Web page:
To gamble basically means to wager money or anything of value on an event with uncertain result, with of course the intention of winning. Most people may not notice but they are actually gambling unintentionally when betting with another person that a statement is true or false, or that a specified event will happen or will not happen. There may not always be financial bets, but the winner usually takes the pride in demonstrating that he is correct and certain about an issue.
In Greek mythology, it is believed that the Universe was split by Zeus, Hades and Poseidon for them to share as heaven, hell and sea by throwing a dice.
Artifacts reveal that most ancient cultures have practiced or even supported it in one form or another. There were dice-like object crafted from the ankle bone (Astragali) of a sheep or dog dated almost 40,000 years have been found. An old pair of ivory dice was found in Egypt and is believed to have been made before 1500 BC. In the ruins of Pompei, pairs of dice were excavated and found to have been ‘loaded’ to fall a certain way. In one of the pyramids at Giza, a tablet with writings was discovered with mentions about gambling.
At about 2300 BC, tiles were used in a game of chance invented by the Chinese. After 1100 years, Greek soldiers used a game of dice as amusement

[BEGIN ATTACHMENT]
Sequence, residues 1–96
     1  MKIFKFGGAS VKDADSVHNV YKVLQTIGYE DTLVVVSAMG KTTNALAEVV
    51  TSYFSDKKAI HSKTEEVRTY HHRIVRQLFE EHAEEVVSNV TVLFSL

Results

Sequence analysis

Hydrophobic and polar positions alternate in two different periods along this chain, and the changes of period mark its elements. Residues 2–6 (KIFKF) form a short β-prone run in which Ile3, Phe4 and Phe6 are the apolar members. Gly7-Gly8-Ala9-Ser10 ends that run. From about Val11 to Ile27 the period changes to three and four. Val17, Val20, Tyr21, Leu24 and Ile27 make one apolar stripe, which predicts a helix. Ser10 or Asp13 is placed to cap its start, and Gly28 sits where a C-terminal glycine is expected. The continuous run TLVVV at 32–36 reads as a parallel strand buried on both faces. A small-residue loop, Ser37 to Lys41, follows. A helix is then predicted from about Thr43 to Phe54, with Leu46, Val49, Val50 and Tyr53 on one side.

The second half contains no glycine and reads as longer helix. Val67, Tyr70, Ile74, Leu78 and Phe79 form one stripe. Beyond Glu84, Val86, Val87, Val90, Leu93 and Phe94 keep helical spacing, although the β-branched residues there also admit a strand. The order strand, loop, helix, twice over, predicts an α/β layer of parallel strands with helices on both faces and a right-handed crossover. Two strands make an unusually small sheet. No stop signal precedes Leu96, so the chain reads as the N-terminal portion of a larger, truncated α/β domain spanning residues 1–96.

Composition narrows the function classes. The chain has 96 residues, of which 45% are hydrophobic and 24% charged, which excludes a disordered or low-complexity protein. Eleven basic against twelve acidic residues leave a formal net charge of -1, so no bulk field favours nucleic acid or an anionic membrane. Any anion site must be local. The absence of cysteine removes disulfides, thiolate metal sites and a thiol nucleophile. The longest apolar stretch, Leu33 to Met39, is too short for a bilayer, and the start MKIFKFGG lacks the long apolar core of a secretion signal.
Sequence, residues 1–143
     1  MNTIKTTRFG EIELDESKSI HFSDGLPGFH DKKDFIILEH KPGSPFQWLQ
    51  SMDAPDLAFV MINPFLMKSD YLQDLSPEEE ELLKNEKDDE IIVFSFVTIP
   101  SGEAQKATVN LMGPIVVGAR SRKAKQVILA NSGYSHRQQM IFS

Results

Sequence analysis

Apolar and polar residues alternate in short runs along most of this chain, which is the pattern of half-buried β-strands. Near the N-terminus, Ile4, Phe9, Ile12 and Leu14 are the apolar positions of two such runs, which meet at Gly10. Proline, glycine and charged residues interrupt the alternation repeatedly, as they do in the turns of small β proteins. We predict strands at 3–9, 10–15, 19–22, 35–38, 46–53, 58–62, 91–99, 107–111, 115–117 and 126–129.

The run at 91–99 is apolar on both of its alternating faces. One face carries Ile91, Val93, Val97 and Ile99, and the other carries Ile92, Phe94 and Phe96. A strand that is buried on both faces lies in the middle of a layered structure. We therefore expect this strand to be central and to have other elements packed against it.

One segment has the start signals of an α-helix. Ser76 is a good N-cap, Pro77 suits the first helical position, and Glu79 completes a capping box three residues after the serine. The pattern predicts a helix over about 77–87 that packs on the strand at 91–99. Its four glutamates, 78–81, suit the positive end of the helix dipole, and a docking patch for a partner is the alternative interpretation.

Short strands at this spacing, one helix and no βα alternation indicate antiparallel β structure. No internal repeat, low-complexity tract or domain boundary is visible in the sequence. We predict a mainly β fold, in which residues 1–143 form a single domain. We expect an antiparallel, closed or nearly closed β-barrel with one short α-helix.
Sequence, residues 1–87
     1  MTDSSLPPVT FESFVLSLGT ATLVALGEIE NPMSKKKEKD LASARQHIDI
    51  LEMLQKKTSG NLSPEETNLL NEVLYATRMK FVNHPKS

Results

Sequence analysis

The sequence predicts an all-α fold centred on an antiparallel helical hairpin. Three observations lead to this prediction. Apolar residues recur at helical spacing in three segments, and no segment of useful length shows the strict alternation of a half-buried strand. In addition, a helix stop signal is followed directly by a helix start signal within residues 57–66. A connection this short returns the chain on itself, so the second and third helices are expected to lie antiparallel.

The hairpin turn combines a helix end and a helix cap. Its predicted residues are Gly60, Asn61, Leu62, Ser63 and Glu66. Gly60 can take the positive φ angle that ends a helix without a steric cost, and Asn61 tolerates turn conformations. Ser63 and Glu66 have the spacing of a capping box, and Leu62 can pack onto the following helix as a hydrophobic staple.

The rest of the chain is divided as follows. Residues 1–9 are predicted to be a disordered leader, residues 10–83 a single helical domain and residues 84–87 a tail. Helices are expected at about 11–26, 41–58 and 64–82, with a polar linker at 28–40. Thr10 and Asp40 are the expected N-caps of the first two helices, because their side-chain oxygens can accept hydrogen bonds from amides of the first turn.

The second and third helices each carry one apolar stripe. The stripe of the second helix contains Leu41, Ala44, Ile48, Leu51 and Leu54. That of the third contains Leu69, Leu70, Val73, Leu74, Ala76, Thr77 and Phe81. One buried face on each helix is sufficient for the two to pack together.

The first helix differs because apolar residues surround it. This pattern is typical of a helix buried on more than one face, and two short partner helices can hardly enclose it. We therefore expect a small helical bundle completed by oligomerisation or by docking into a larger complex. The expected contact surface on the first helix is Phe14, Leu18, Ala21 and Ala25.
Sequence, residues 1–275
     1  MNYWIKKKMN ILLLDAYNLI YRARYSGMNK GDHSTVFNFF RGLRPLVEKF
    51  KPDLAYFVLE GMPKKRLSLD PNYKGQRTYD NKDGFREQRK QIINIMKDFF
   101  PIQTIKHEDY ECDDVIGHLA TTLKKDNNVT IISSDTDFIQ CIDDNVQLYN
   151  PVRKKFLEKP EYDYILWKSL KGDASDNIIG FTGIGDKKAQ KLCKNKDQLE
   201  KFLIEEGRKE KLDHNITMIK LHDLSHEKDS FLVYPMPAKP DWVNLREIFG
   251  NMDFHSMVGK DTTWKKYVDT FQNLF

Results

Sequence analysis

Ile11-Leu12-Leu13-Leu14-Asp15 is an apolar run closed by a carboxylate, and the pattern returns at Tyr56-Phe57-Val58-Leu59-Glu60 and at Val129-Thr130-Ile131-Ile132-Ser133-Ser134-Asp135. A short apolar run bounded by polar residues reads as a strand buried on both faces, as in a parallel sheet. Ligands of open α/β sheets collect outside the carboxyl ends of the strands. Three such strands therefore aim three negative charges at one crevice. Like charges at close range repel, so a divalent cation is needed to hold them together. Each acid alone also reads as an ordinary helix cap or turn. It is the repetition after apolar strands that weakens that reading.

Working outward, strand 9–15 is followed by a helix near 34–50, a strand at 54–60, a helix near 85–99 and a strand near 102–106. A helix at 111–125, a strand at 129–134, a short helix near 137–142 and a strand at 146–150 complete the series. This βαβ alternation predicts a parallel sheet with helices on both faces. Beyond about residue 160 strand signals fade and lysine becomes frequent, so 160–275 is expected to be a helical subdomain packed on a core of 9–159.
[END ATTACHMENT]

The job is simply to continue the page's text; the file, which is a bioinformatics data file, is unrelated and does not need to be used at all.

In the history of nations, gambling was also present. It was approximately 1,000 AD when King Olaf of Norway and King Olaf of Sweden were said to decide on the jurisdiction of the district Hising. The dispute was not resolved diplomatically so they decided to roll a piece of dice. From this gamble Norway received the territory and the two kings departed on good terms.
Claudius in ancient Rome redesigned his carriage to accommodate more room for throwing dice. Even Roman soldiers gambled for the robes of Christ after his crucifixion. Lawmakers also decreed that children should be taught how to gamble and throw dice. Gambling was so popular that during the middle ages that some countries forbid their soldier to participate in any games of gamble because it hindered them from properly performing their duties. For instance in England, King Henry VIII banned gambling when he discovered that soldiers gave more time to gambling than working on drills and marksmanship.
The Playing Card may have developed from China as Chinese worked out both paper and money bills. Shuffling cards may have originated from the practice of shuffling money also invented by the Chinese in 900 AD. Playing cards spread to the Mameluke empire which is composed of Muslim believers. The Mamelukes did not decorate their cards with human forms but with intricate designs. As the game made its way to the Mediterranean countries, cards were modified with images of the royal ranks of noblemen. Sometime in 1500s, the French took one out one of the men and replaced it with a queen card. And this ‘French Pack’ of cards became the prototype of the 52-card deck presently used.
By W Tsang
To find other culture and recreation services in Australia, try searching on Business.com.au – an Australian business directory.